Today, no estate or disability planning is complete without providing for your “digital assets.” Even if you’ve never considered the notion of digital assets, you almost certainly possess them. Inadequate digital asset planning can frustrate the administration of your estate, lead to identity theft, and cause the loss of valued possessions. Have you ever wondered what happens to your Facebook profile or your vast iTunes library when you die? Can your personal representative compel access to your email or E-Trade accounts if knowledge of the passwords dies with you?
More and more of our daily tasks–not to mention assets with sentimental and/or financial value–are going digital. Broadly defined, a “digital asset” is any electronic record stored on, and retrievable from, an electronic device. This includes email accounts; online banking accounts; social media profiles; photographs, writings, or other intellectual property stored on a hard drive or in the cloud; entertainment media purchased from iTunes or similar online marketplaces and websites and domain names. Digital assets can reside on your computer, cell phone, tablet, external hard drive or on the Internet.
Upon death or disability, a will or power of attorney typically appoints a fiduciary (e.g., a personal representative) to attend to your assets and affairs. Such fiduciaries are tasked with accessing, managing, and transferring your assets–tasks that become considerably more difficult when the extent of, and passwords for, digital assets are unknown.
Providing fiduciaries with a periodically updated inventory of digital assets and related passwords, as well as with instructions regarding their management, termination, or disposition, has become a crucial part of modern estate planning. Assets may otherwise be lost, and personally identifiable information may float in cyberspace indefinitely, waiting to be co-opted by identity thieves.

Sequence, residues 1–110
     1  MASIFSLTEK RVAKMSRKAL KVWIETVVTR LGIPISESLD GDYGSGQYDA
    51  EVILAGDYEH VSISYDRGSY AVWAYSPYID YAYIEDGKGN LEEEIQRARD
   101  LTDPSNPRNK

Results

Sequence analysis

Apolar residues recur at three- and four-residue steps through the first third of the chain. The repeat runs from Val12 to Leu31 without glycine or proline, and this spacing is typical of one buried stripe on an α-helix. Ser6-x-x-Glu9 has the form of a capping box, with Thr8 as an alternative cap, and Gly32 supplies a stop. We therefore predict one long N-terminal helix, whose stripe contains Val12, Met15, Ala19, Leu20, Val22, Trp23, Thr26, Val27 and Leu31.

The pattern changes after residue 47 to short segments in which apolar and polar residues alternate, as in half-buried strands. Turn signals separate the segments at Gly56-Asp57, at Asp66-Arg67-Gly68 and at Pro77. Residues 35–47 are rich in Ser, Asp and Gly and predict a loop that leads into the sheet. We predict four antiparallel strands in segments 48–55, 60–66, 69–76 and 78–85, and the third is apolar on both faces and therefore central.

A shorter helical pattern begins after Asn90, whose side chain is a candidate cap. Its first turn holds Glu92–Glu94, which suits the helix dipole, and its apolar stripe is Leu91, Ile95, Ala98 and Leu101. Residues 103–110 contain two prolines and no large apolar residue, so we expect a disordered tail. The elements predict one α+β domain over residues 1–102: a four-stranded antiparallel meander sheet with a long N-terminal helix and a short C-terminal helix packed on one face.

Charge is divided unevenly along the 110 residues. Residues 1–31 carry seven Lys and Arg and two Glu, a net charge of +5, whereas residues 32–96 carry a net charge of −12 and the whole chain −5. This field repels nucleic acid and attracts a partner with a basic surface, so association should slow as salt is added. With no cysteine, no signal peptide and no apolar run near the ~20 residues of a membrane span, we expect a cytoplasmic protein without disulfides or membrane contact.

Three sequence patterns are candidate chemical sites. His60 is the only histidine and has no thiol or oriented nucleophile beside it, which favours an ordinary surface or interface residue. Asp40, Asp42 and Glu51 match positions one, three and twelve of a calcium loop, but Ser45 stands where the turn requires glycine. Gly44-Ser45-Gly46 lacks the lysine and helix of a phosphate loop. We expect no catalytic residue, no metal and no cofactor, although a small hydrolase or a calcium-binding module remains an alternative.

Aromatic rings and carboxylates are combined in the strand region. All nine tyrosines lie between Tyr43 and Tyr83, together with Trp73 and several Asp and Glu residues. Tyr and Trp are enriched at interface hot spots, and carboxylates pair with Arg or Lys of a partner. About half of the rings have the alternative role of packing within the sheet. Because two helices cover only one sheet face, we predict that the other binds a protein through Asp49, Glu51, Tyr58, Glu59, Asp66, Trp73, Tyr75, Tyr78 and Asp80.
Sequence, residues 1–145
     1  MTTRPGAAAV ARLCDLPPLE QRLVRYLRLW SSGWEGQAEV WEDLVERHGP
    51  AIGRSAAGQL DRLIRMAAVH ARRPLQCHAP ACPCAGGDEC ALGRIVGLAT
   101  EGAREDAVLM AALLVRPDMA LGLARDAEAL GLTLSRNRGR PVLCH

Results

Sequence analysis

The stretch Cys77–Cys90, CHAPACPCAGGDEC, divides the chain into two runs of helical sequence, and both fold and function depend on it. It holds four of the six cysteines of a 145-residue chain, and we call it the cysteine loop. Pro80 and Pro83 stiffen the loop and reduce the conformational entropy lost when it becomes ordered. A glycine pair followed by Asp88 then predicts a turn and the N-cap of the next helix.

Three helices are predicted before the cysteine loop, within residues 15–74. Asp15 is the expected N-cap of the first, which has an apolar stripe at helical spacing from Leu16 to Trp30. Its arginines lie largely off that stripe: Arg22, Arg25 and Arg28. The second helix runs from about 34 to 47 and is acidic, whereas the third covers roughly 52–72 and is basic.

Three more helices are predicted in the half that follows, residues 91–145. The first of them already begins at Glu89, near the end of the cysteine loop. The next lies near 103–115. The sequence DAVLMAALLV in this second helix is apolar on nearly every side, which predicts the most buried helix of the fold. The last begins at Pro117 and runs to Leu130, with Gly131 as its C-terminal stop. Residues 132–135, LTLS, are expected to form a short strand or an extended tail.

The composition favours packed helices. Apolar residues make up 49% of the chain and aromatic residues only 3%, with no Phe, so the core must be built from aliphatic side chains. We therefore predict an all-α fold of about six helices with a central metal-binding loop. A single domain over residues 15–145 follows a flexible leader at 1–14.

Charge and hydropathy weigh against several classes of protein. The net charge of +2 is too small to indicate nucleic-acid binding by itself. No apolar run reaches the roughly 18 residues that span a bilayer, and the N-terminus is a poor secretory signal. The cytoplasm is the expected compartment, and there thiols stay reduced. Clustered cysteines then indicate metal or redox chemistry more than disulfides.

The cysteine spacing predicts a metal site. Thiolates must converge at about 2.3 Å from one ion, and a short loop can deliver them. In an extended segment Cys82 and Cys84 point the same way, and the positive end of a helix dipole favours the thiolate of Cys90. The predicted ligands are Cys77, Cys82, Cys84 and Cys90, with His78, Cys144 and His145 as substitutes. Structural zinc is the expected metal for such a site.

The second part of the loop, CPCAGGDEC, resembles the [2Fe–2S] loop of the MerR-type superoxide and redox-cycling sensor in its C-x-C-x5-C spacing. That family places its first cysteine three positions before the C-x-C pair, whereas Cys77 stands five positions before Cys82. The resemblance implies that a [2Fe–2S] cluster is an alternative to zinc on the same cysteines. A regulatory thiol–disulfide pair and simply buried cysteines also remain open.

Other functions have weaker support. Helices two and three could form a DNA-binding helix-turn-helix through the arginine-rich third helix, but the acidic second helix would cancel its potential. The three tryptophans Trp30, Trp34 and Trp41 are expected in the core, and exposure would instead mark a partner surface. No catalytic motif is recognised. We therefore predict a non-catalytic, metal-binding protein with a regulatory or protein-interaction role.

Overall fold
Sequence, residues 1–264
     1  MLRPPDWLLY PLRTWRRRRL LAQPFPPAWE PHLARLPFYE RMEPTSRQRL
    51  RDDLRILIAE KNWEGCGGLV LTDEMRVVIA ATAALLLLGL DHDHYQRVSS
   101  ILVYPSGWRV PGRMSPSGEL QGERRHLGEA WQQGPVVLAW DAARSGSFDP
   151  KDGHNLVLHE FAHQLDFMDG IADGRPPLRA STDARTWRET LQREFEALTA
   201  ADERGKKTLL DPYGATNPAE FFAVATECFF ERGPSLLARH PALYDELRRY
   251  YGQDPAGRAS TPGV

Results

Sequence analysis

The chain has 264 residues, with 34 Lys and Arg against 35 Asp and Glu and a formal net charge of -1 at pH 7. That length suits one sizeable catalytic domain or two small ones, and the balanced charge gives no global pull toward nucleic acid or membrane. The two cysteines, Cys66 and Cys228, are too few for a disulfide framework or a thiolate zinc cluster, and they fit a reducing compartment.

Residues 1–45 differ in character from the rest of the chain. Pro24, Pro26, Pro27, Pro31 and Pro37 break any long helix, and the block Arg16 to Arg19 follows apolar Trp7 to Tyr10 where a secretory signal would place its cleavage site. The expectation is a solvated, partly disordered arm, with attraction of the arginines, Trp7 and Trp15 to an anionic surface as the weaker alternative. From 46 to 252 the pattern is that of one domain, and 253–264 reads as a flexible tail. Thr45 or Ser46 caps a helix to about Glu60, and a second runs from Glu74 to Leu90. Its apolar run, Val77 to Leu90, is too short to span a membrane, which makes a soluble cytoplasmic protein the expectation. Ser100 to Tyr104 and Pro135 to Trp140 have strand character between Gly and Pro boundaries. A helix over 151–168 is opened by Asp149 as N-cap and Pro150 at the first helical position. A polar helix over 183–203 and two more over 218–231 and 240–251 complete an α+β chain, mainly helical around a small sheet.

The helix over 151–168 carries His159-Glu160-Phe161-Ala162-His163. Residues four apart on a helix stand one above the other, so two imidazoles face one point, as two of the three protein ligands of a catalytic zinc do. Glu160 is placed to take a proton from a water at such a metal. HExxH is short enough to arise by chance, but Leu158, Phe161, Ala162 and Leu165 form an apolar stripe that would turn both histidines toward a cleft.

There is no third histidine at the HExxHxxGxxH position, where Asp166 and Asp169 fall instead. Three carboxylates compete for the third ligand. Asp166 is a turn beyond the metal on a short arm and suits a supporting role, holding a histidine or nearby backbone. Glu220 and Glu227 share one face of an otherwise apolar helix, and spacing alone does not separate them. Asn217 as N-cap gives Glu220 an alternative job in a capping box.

Such proactive approaches, however, are not always the end of the story. Various federal privacy and anti-hacking laws, and end-user agreements with online service providers, cancreate roadblocks for even a duly authorized fiduciary to legally access a decedent’s account. Google and Yahoo! for instance have been known to require separate legal proceedings before providing fiduciary access. Aside from the access question, end-user agreements also can raise questions about the ultimate ownership–and thus transferability–of digital assets.
These agreements may contain language that hosted content becomes property of the online custodian, or that media “purchased” online is actually merely licensed by a user until death. Review of end-user agreements, which are often assented to without a second thought, has also thus become an important part of digital asset planning.
In March, Oregon became the first state to adopt the Revised Uniform Fiduciary Access to Digital Accounts Act (“RUFADAA”), effective January 1, 2017. RUFADAA now provides a mechanism by which fiduciaries under a will, trust, power of attorney, or conservatorship can compel access to, or the termination of, digital accounts pursuant to a statutorily defined process. RUFADAA also provides fiduciaries with legal cover from various computer-related laws that arguably prevented such access. RUFADAA gives discretion to online custodians to limit access to only such portions of accounts necessary to discharge a fiduciary’s obligations and allows custodians to impose a “reasonable administrative charge” for such access. RUFADAA imposes strict legal duties upon fiduciaries, and legal counsel should be consulted when seeking access under the new act.
RUFADAA will generally apply when fiduciary authority to access digital accounts has been explicitly granted under the relevant instrument (e.g. a will). Now is a good time to ensure that your testamentary documents, general power of attorney, and estate planning generally, adequately addresses your digital assets.
Adam Anderson is an estate planning attorney at Jordan Ramis PC. He can be contacted at 541-550-7900.